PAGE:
“The combined and unceasing efforts of everyone…to make changes that will lead to better patient outcomes, better system performance, and better professional development.”

 

Quality Improvement involves everyone

Quality Improvement is not just a programme or a project. It isn’t the responsibility of one person or even those working in the quality department of an organisation. Quality Improvement involves people, teams and organisations coming together, to look at how making changes to the way they work can contribute to improving patient care. (3)

To do this, a range of tools and techniques are used to make sure that the changes are effective and sustainable. These tools and techniques recognise that a small change in one aspect of a service may require changes in other areas of the service for it to work. 

Using quality improvement methods and tools helps you look at change in a systematic way, but it is more than just the result of an audit. Quality of care flows through your actions, and improvement begins with intention; it all starts with you.

Discussion points

What does quality mean to you and your team? 

Checklist - what you can do next

 

References:
  1. Institute of Medicine (US) Committee on Quality of Health Care in America (2001). Crossing the quality chasm: A new health system for the 21st century. National Academies Press (US): Washington (DC).

Available from: https://psnet.ahrq.gov/issue/crossing-quality-chasm-new-health-system-21st-century [Accessed 1 October 2020]

2.  Introduction to quality and quality improvement, eLearning [NHS Education for Scotland] [online].

Available from: https://learn.nes.nhs.scot  [Accessed 1 October 2020]

3.  Lloyd, R. Improvement stories. Improvement tip: “Quality” is not a department [Institute for Healthcare Improvement] [online]. Available from:

http://www.ihi.org/resources/Pages/ImprovementStories/ImprovementTipQualityIsNotaDepartment.aspx 

[Accessed 1 October 2020]

 

About the authors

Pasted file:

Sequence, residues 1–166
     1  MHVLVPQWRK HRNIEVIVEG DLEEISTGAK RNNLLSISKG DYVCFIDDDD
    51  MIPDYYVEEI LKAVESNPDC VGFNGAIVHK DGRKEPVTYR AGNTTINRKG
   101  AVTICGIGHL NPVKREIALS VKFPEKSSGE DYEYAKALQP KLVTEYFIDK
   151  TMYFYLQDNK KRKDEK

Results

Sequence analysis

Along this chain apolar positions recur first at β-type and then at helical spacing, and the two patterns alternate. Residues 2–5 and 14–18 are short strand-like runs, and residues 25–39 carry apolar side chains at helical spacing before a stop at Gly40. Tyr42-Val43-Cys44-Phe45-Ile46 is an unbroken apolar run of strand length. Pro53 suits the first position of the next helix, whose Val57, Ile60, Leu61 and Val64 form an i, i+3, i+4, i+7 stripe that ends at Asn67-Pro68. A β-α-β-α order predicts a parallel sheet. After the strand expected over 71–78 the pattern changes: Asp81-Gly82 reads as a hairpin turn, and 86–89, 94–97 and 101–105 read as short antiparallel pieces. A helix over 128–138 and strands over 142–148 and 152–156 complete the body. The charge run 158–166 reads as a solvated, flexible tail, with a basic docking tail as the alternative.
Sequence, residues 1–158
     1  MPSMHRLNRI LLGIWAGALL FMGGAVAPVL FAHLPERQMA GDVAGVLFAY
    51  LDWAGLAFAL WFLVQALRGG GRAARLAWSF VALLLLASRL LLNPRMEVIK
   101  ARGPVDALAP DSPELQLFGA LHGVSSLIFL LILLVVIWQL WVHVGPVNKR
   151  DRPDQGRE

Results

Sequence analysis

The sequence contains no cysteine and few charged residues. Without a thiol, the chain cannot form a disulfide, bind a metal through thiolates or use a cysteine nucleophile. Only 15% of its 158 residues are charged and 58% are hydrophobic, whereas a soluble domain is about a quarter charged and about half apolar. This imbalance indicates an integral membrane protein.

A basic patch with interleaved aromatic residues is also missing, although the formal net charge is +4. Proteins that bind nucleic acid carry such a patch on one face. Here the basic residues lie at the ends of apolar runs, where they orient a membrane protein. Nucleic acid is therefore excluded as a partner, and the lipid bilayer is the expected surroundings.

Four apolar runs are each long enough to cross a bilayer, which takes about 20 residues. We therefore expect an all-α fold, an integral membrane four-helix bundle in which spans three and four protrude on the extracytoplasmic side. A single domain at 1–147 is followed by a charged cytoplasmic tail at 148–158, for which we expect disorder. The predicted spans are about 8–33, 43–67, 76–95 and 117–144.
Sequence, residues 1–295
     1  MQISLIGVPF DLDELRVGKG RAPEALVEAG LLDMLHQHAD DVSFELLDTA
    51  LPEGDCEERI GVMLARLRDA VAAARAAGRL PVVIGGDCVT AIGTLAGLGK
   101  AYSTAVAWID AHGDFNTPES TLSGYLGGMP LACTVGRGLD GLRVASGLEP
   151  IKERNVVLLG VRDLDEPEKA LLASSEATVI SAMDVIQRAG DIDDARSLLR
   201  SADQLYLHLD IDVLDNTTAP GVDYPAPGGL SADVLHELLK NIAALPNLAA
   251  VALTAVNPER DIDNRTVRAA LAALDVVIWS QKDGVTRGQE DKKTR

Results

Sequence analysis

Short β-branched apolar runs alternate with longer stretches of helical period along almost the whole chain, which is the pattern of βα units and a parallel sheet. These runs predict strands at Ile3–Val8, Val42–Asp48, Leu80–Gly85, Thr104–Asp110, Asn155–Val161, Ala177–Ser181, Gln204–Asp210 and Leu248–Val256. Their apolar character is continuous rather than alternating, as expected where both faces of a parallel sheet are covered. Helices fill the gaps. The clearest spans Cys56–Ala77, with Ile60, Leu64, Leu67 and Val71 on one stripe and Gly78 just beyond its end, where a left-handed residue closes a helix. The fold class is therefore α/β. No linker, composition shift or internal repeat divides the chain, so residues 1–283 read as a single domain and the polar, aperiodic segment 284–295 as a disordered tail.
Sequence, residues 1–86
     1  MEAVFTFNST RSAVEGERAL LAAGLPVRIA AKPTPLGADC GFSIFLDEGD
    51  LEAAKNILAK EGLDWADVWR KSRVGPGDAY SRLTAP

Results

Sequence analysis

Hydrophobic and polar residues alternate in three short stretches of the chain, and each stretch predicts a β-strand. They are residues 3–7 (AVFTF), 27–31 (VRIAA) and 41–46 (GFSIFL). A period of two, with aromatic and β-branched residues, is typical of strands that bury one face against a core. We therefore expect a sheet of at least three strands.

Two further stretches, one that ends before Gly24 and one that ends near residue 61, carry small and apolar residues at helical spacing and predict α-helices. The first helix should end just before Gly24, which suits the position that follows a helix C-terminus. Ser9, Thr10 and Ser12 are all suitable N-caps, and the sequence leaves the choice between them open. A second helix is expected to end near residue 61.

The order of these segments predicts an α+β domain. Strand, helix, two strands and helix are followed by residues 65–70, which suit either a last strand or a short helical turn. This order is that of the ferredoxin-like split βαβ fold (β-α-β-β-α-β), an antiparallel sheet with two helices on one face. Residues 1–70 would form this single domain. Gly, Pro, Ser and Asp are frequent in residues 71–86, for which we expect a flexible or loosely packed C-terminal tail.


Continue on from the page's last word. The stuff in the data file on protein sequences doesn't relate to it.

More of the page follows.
Angela Rayner

Angela Rayner PGDip PS&CHF MRCVS

Angela is Quality Improvement Advisor for RCVS Knowledge, Director of Quality Improvement for CVS, and is an RCVS Knowledge Champion for her role in improving CVS’ systems for controlled drugs auditing.

In 2018, Angela began an MSc in Patient Safety and Clinical Human Factors at the University of Edinburgh. The programme supports healthcare professionals in using evidence-based tools and techniques to improve the reliability and safety of healthcare systems.

It includes how good teamwork influences patient outcomes, key concepts around learning from adverse events and teaching safety, understanding the speciality of clinical human factors, as well as the concept of implementing, observing and measuring change, monitoring for safety, and it focusses on quality improvement research and methodologies.   

 

Chris Gush

Chris Gush BSc MSc

Chris is the Executive Director of RCVS Knowledge. Chris began his career as a microbiologist working on a clinical hygiene monitoring system to measure hygiene standards in hospital wards. Having left the laboratory, a move to the Department of Health saw him co-develop the Showcase Hospitals Programme. The programme led on the evaluation and adoption of new technologies and protocols that improved hospital infection control and reduced hospital-acquired infections in seven hospitals around the country.

Later, at the Health Protection Agency, Chris managed investigations into microbiology testing within hospital laboratories leading to improved clinical standards and offering re-testing where appropriate.

In his previous role as Assistant Director of Clinical Innovation and Research at the Royal College of General Practitioners, Chris led on the development of tools and resources which were instrumental in the reduction of inappropriate antibiotic prescribing in General Practice.

Read more news